Reaching for "Reachy"
How do you learn to build a humanoid robot in 12 weeks with team members in different cities and time zones?
And it was a key consideration in creating a distinctive program that breaks the traditional mold of engineering education in a time that demands flexibility, different thinking and an innovative approach.
Circuit Launch, located in Oakland, California, set out with the goal of creating an experimental, high quality education program where students could build robots and be hands-on from DAY ONE while learning from experts within our community AND each other.
As an experimental pilot during a global pandemic, it has been a fascinating one!
So, what shall we build?
Core to the key learning potential of this program is choosing a robotics project that provides maximum opportunity for exploration and skill development. And we found it with Pollen Robotics open source humanoid robot: REACHY.
REACHY ticks many boxes:
- open source and accessible with a growing community
- innovative design and distinctive hardware
- multiple avenues for development & application
- endless opportunities to explore human - computer interaction
- vision and voice recognition.
Pollen Robotics, based in Bordeaux, France, has also developed the ORBITA; a unique 3 degrees of freedom joint (as the neck), which gives Reachy's head movement an incredible amount of expressiveness.
Peer to peer, across the globe
The first of many challenges is creating virtual and in real life environments that encourage collaboration and peer to peer learning while staying COVID safe.
Guided by Technical Mentor and robotics industry veteran Andrew Gillies (formerly of Dash Robotics), the team dived head first into a plywood robotic arm on day one of Orientation Week.
Twelve students across four timezones joined us both virtually and in the Lab at Circuit Launch.
To enable optimal collaboration over teleconferencing, we set up multiple cameras in the Lab and encouraged cross functional teams working together in real time in Zoom break-out rooms.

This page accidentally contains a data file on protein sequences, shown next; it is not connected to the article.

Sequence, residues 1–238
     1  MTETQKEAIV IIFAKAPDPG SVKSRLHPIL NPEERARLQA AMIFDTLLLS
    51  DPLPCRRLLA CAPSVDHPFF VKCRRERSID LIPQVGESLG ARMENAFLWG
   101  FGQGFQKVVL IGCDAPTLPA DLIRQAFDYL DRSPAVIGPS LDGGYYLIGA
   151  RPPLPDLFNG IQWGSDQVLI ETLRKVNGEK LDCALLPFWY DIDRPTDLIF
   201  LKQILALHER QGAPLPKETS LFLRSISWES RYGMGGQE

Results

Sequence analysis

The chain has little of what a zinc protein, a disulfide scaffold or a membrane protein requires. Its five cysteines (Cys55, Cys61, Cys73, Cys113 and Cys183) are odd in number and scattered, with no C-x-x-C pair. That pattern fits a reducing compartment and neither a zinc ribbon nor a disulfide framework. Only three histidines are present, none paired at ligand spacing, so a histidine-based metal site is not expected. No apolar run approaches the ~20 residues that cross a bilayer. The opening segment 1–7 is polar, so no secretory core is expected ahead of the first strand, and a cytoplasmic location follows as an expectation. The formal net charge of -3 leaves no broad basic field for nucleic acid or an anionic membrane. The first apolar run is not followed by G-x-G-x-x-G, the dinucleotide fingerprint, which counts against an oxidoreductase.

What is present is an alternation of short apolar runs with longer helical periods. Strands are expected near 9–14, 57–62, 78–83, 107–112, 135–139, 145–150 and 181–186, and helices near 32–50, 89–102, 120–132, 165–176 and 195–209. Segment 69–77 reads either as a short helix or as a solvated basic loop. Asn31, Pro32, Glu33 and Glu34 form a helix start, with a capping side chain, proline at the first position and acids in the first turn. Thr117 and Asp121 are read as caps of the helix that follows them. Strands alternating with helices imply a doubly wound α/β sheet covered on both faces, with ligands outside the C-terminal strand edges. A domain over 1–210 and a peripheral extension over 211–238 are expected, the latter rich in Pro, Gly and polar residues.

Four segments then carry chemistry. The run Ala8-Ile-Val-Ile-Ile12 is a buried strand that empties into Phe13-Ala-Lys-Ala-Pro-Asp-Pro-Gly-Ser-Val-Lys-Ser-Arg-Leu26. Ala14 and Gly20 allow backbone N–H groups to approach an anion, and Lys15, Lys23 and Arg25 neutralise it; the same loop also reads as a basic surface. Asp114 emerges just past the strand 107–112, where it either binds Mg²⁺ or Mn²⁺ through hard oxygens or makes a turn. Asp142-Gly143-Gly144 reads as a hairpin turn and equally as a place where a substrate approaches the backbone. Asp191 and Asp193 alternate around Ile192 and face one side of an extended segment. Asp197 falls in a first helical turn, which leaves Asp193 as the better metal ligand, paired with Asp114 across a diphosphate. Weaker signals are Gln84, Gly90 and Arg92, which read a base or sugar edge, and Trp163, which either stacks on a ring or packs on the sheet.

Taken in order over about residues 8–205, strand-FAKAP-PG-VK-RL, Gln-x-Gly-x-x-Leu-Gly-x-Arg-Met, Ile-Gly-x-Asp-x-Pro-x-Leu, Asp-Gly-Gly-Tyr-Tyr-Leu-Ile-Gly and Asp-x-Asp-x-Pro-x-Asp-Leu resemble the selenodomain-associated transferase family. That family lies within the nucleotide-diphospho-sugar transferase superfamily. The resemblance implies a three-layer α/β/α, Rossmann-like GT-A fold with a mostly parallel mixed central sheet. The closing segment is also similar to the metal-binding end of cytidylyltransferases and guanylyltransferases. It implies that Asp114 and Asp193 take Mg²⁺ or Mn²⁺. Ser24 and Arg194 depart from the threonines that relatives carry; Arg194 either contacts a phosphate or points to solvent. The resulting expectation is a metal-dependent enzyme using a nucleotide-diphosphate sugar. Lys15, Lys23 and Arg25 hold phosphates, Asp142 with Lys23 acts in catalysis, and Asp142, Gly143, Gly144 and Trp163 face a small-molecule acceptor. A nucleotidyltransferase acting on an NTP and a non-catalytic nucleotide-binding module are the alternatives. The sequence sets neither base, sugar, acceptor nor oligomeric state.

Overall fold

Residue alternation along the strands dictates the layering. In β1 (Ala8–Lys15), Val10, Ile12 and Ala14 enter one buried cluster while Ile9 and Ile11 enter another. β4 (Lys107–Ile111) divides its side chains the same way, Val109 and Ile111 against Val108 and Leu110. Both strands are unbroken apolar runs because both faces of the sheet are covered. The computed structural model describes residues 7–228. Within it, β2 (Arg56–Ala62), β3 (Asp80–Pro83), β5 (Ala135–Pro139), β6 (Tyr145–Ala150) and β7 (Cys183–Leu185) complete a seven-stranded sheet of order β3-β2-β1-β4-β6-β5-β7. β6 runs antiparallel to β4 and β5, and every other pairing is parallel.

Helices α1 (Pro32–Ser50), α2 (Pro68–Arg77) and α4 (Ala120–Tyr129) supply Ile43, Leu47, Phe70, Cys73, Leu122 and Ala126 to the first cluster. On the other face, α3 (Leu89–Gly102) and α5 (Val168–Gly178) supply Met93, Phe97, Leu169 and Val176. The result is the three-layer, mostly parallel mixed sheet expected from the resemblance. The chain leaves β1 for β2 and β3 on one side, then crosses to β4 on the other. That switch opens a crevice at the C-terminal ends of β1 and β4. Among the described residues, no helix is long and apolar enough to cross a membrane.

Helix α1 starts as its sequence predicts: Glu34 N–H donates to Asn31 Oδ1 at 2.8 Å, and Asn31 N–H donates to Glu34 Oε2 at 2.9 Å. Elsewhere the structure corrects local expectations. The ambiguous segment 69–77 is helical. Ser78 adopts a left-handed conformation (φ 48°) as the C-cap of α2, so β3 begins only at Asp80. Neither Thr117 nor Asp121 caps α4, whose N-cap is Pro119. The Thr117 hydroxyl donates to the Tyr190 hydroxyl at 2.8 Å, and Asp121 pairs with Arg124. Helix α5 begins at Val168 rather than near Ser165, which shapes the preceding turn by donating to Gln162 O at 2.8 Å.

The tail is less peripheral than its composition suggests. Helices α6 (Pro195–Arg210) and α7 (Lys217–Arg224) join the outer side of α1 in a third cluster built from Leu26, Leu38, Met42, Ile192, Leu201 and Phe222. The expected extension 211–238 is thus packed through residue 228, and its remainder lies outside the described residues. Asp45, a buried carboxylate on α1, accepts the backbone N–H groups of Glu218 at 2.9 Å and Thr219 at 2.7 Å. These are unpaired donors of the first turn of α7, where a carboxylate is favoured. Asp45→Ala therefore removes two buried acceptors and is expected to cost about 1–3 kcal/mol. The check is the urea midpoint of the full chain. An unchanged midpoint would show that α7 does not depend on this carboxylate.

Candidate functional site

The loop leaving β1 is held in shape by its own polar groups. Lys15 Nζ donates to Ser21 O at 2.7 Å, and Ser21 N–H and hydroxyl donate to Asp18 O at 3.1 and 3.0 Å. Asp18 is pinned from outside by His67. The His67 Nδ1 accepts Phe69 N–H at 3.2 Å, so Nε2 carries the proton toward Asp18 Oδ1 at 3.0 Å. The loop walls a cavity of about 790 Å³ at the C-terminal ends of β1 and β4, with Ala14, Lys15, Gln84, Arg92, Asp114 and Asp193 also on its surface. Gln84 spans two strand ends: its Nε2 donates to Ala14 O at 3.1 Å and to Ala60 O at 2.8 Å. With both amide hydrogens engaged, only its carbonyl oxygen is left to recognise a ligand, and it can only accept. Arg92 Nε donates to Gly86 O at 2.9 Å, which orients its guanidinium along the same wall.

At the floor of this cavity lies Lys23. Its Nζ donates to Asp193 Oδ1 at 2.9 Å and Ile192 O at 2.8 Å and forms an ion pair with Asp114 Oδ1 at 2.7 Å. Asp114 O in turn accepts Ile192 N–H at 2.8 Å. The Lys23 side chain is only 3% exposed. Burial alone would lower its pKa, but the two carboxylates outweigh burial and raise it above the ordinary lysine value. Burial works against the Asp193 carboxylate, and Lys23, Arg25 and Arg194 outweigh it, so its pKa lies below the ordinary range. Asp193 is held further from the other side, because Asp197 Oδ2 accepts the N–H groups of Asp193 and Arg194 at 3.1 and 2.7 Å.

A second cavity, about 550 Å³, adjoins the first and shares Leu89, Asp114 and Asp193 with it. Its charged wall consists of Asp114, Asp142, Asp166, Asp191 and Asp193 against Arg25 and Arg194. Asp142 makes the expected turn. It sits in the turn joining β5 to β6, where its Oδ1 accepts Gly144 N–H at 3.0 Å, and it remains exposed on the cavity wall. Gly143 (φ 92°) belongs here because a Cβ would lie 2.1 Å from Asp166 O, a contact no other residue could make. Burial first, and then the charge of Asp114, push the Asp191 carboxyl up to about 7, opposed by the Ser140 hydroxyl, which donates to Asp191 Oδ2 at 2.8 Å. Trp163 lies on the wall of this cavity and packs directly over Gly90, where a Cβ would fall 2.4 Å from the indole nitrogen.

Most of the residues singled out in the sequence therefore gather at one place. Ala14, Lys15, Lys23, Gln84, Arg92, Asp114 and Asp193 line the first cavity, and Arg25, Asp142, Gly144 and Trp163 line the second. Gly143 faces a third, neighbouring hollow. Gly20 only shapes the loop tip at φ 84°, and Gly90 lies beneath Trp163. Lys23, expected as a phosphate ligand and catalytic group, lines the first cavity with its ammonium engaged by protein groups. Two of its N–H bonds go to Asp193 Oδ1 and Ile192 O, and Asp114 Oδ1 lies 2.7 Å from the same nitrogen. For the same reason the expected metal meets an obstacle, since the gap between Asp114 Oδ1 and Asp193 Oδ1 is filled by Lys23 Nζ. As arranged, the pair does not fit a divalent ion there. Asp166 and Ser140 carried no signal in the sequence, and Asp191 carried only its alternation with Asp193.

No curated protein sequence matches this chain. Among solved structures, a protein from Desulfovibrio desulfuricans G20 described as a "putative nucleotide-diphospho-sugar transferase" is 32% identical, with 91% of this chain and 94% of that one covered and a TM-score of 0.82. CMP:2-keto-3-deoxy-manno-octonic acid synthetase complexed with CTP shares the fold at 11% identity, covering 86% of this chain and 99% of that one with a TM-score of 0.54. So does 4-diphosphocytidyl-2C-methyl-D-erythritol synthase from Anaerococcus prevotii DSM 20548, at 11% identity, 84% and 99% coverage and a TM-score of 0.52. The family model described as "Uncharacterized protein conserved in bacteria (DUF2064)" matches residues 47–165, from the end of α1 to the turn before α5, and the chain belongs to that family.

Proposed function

Some of our remote students opted for the software development team, but a few also had their own hardware and electrical setups at home. Peer learning combined with support from Andrew and Dan O'Mara, Circuit Launch COO created some great energy during the hackathon.
Day two was a deep dive into REACHY and gaining familiarity with the system and the resources Pollen provided. And then on day three we explored the challenges of 3D printing components intended for SLS (selective laser sintering) rather than FDM (fused deposition modelling) or SLA (stereolithography such as the Formlabs Form2 resin printer). Without an expensive SLS machine, we needed to improvise!
In the following days we had some quick wins following experiments with various supports in FDM which required some sanding and cleanup.
Up next? Let's figure out the ORBITA joint!
With Orientation week done and dusted, we kicked off weekly SCRUM Sprints where the team selects 2 week sprint goals to break down the robot build into digestible chunks, mirroring the commonly used project management methodology used traditionally in software development.
The first sprint was to focus on the head and neck which contains the ORBITA joint. The goal was to move the head to two positions and take a picture through the eye lens at each position.
Here is where the students pushed the limits of 3D printing, while tackling assembly tasks and testing code.
The team split the tasks into the software to run the motion and take pictures, fabricating the mechanical assembly, and wiring up the motors and electronics. The challenge was even greater with the students on site and across the globe attending virtually and asynchronously. We ended up with a test bench of hardware that could be remotely accessed to load the code and test it in real-time.
Of course hardware is hard, and while all the individual elements were accomplished, translating the Orbita from an open source design to a working prototype came down to sanding, dremeling, and re-printing for a different set of tolerances.
So what's next?
The team is very excited to build the shoulder and torso, but the arrival of some very special components last week from France created some buzz in the Lab...
The Luos boards arrived from Pollen!!
So now the mechanical/electrical and software teams are starting the process of understanding how the boards work and what assembly looks like before building out the arm and gripper components.
The exciting journey continues!
If you're interested in applying for the Winter session of Robotics CoLab commencing January 2021, please register here